Riverside teacher to be honored guest in Japan

Wednesday, August 22, 2007

Town Crier News Staff

Brenda Hutcheson, Riverside's Gifted and Talented teacher/coordinator, is excited about being selected to take part in the Japan Fulbright Memorial Fund (JFMF) Teacher Program.

Hutcheson was notified she had been accepted earlier in the year and has been preparing for her three week educational trip to Japan. She will leave for Tokyo on Oct. 14.

Hutcheson was selected from a national pool of over 1,700 applicants by a panel of educators to earn this honor. This program allows distinguished primary and secondary school educators in the United States to travel to Japan in an effort to promote greater intercultural understanding between the two nations.

Hutcheson is one of 200 educators chosen to make the October trip.

"I'm proud to represent Arkansas and Riverside School District," Hutcheson said.

Hutcheson heard about the JFMF program through information received at Riverside. She also had talked to a teacher friend who had made the trip.

"When I applied I thought my chances would be one in a million," she said. "I thought being from a smaller school and my age might be a factor against me but I decided to give it "a good ole' Riverside try" and filled out the application."

Hutcheson is a 1968 Lake City High School graduate. She said she was 30 years old when she started teaching. She had worked as an aide and discovered her calling in education.

"I've never regretted my decision to become a teacher," Hutcheson said. "I get just as excited about coming to work today as I did the first day I taught."

She has taught in the Riverside District for 24 years. She taught special education her first three years before moving to the gifted and talented program. She has offices on all campuses.

Like her students, Hutcheson has been doing her homework preparing for her upcoming adventure. She has been doing the required reading and more.

"I want every teacher, staff, and student to know they are part of this trip," Hutcheson said.

She is preparing a photo album of Riverside District's teachers and students to take with her to share while she is visiting the classrooms in Japan. She also plans on taking pictures to share with Riverside students and staff throughout her trip.

"Hopefully, I will have internet access and will take my laptop and webcam and be able to share pictures as I go," she said. "I've never done this but I am learning and if all goes well, I will be communicating with my students from Japan. I want the students to be able to log on and see pictures daily while I am there."

Hutcheson will fly from Memphis to San Francisco. Orientation will be held in San Francisco and she will meet the other teachers making the trip. They will be divided into groups of 20. They will leave San Francisco for a 15 hour flight to Tokyo where they will spend the first week for a practical orientation on Japanese life and culture and meetings with Japanese government officials and educators. They will then travel in groups of 20 to selected host cities where they have direct contact with Japanese teachers and students during visits to primary and secondary schools as well as a teachers college. They will also visit cultural sites and local industries in addition to a brief home stay with a Japanese family. Hutcheson and her team will be going to Kagoshima.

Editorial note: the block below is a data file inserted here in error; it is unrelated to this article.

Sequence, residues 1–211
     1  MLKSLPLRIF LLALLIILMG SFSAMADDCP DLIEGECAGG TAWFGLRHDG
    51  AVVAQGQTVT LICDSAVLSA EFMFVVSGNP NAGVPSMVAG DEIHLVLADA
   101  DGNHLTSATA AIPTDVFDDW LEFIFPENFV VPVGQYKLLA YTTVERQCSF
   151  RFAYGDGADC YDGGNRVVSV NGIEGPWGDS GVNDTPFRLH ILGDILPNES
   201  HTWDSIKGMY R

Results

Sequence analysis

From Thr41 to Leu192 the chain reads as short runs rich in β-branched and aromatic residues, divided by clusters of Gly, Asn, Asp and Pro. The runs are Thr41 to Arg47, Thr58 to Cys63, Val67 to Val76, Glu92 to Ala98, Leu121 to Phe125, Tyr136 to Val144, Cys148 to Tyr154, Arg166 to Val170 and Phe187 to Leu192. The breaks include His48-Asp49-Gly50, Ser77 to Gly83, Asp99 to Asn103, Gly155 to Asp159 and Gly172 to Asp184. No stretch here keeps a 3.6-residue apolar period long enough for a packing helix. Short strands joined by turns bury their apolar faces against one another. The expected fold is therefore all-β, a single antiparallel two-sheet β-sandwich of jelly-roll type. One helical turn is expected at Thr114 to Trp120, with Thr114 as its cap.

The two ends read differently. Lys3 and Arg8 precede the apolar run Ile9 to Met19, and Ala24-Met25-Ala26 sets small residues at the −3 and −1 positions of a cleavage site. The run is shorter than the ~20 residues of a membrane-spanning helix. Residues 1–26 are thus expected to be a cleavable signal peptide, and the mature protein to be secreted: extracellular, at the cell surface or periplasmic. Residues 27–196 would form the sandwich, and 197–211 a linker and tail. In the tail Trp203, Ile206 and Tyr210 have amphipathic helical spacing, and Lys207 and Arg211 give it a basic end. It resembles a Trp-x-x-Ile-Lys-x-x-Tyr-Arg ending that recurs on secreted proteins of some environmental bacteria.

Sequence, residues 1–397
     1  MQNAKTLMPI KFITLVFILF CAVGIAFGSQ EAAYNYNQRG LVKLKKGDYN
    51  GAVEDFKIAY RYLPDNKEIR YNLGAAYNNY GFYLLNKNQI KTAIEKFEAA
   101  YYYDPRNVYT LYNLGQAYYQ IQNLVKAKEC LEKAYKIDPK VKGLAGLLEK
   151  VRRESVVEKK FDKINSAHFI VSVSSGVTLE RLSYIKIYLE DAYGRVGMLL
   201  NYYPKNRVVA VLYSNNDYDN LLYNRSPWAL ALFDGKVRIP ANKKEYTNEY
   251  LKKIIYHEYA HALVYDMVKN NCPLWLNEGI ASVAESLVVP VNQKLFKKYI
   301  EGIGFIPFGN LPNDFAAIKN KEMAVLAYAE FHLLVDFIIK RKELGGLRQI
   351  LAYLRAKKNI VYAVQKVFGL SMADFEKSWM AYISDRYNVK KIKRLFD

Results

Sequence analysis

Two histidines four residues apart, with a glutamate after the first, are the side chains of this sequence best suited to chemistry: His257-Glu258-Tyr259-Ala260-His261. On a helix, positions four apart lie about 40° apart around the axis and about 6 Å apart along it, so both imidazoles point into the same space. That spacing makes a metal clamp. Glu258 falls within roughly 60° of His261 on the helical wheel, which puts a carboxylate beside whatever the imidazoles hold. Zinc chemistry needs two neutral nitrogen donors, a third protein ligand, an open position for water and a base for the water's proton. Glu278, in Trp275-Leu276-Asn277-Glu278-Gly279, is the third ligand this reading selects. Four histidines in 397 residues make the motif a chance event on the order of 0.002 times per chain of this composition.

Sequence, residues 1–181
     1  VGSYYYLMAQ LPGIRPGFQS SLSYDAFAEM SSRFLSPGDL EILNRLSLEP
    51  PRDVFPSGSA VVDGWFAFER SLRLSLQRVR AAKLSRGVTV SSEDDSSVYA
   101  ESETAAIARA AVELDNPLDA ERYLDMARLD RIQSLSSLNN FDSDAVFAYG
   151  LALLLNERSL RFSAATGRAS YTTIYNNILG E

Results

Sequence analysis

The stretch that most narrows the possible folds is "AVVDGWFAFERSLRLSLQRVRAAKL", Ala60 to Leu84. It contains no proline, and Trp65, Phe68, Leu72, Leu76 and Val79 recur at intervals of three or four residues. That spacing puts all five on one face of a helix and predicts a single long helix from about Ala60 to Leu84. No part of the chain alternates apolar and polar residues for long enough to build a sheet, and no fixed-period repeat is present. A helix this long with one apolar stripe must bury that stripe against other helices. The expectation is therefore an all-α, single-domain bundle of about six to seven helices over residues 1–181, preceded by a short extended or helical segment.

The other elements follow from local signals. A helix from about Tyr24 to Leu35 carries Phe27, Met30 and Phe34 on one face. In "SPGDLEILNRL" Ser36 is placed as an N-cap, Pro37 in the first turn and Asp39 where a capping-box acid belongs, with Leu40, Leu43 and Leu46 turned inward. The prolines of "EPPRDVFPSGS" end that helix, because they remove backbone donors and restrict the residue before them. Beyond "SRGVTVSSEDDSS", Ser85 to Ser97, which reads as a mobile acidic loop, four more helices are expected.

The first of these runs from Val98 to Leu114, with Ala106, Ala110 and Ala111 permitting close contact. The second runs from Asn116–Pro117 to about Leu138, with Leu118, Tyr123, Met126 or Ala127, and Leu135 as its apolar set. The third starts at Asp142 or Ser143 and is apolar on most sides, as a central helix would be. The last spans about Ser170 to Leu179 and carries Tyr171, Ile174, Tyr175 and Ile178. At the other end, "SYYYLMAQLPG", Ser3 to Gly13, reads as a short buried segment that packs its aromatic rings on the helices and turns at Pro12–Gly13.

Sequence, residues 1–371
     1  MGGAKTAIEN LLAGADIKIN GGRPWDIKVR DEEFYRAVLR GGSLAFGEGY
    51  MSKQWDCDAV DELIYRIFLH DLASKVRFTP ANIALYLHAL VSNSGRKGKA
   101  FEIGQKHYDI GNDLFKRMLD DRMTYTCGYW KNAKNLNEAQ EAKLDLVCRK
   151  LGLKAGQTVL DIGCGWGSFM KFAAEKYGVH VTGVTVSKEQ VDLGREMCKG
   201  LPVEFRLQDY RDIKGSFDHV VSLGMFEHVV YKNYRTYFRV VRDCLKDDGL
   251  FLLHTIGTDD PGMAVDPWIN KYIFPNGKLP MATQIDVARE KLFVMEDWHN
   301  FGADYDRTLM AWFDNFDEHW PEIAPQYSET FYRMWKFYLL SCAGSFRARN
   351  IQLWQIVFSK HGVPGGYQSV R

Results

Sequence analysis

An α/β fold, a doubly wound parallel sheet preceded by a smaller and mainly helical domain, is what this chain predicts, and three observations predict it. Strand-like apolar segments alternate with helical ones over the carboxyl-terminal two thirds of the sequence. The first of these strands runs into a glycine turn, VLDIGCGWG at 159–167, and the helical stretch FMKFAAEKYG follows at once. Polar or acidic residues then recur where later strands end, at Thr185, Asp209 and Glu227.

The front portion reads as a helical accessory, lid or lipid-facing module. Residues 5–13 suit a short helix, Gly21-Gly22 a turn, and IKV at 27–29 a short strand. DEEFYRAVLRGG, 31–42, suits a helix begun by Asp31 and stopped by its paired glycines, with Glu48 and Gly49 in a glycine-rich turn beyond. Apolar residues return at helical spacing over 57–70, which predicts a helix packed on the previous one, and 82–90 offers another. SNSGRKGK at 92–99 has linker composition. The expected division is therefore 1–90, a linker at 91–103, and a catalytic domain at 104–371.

The JFMF Program is sponsored by the Government of Japan and was launched in 1997 to commemorate the 50th anniversary of the U.S. Government Fulbright Program, which has enabled more than 6,000 Japanese citizens to study in the U.S. on Fulbright fellowships for graduate education and research. The Institute of International Education acts as the agency for the Japan Fulbright Memorial Fund to coordinate the recruitment and pre-departure activities of the Teacher Program in the United States.

To date, more than 5,800 primary and secondary educators have visited Japan through the JFMF Teacher Program.

Upon their return, program participants share what they have learned about Japan with their students and communities through a variety of outreach projects.

Hutcheson has specific plans to share her Japan experience with her students and the community. She hosts an International Day each year but plans on elaborating on Japan using information and items she will bring home. She is a volunteer and works at the Lake City Museum. She plans to create an exhibit there for the community to view. She hopes to have ASU exchange students from Japan as guest speakers at Riverside. Her experience will be included in her teaching curriculum for many years to come.

She hopes her experience will remind her students at Riverside wishes and dreams can come true.

"I love all my kids," Hutcheson said. "Working on both campuses with students of all ages I have been privileged to be part of their school years from kindergarten through high school. I am right where I want to be."

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